Religious Idealism and Worldly Realities

Quite a bit of speculation is appearing in the media about the possible impact of recent statements by the new pope, both off-the-cuff as well as the more carefully crafted, about the world’s economy and especially about the deplorable, even atrocious degree of economic inequality that separates the rich from the poor in so many parts of the world.  One could argue that what he is saying is nothing new, that in fact what he is saying not only is only a continuation of what the Church has been saying over and over again, in quite specific detail, for the past hundred years or so.  But it has its roots in the Gospel and before that, nearly two millennia of biblical tradition. So if the pope is making headlines, it is probably because his language is more direct and unmistakable than past papal pronouncements.

When you come down to it, that message is really quite simple.  It is that God created the earth and its resources for the benefit of all and that when certain people succeed amassing those resources for their own exclusive use, they are, in effect, robbing the rest of humanity.    Whether such theft is by invading armies, by political chicanery, or ruthless business practices makes little difference, as the end is the same — a privileged few living in the lap of luxury compared the masses of people who barely get by, while far too many others are left to live in complete hopelessness and misery.

Of course, there are those who are quick to point out that such a black and white picture is far too simplistic and that the kind of egalitarian society that the Church has held up as an ideal is … well, simply idealistic, in fact, naively so.  And perhaps it is.  But is it not the function of religion above all else, to hold up ideals to be achieved, even if we never ever quite perfectly achieve them? When Jesus said “Blessed are the poor (or poor of heart)” he was not praising poverty as such.  Quite the contrary: he was warning us that the Kingdom of God (or of heaven on earth) would never be realized, much less possessed, by the avaricious or the greedy.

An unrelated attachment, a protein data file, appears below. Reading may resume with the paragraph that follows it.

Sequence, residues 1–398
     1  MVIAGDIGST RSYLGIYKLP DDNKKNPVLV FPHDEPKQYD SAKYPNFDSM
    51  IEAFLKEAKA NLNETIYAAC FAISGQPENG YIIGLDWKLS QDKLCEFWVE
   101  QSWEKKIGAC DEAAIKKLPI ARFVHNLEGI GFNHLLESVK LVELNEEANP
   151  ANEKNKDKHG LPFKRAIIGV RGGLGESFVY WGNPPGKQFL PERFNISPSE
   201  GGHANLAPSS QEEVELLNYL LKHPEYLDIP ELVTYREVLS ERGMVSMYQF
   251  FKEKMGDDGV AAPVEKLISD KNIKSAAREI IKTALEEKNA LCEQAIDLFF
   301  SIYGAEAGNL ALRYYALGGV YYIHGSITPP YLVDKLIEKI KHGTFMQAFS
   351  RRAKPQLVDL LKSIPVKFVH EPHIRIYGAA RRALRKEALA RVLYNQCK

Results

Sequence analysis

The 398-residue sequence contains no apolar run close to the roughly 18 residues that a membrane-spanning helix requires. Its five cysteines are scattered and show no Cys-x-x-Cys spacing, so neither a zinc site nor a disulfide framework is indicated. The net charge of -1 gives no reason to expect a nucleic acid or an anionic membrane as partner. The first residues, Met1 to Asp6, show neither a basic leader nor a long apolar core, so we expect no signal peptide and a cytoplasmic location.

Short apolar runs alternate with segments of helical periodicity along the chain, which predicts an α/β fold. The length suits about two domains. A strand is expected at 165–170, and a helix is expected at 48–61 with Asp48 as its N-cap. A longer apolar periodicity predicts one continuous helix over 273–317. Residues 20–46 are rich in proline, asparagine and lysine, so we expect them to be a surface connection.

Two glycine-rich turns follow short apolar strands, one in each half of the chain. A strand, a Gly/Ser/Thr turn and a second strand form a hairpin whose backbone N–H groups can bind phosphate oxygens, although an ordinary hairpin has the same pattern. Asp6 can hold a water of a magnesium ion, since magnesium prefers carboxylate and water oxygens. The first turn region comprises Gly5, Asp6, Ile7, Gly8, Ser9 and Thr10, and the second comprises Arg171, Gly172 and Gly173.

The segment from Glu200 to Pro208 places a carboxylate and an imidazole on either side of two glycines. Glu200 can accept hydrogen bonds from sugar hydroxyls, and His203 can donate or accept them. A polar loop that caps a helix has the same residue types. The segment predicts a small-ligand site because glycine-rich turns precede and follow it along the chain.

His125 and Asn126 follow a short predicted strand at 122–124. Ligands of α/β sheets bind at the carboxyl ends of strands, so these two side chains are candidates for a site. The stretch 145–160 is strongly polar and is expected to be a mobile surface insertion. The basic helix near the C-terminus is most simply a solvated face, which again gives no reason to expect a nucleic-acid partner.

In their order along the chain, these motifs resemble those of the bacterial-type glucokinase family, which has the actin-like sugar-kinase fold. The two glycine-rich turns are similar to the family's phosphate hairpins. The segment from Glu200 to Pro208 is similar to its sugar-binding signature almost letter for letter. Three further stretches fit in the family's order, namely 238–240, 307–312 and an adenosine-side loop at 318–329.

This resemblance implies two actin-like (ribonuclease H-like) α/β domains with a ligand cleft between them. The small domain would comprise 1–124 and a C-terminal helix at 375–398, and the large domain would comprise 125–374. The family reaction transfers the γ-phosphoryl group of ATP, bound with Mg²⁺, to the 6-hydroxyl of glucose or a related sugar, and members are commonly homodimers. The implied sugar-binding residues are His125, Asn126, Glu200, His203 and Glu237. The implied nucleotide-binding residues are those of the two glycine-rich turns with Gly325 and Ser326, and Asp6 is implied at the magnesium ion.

Another way of looking at this whole issue might be in terms of the old concept of “original sin” and its effect on the human character.  While I personally don’t hold much to any literal belief in Adam and Eve’s eating a piece of forbidden fruit as being the cause of all our problems, I do see the story as a good parable of the human condition.  This is because, having evolved from the apes, we carry within our genes quite a bit of evolutionary baggage — much of it not very helpful in achieving civilized behavior.  But if we are to be truly realistic about the human condition, one way or another we have to face up to its consequences of its existence.  If the political “left” makes a major mistake, it is in denying “original sin” and assuming that human nature is immaculately conceived and thus flawless.  But if the political “right” makes a mistake, it is in sanctifying original sin and somehow assuming that this fatal flaw will eventually turn out to be a virtue in disguise — hence yet another kind of naïve idealism, one singled out by Pope Francis, known as “trickle down” economic theory.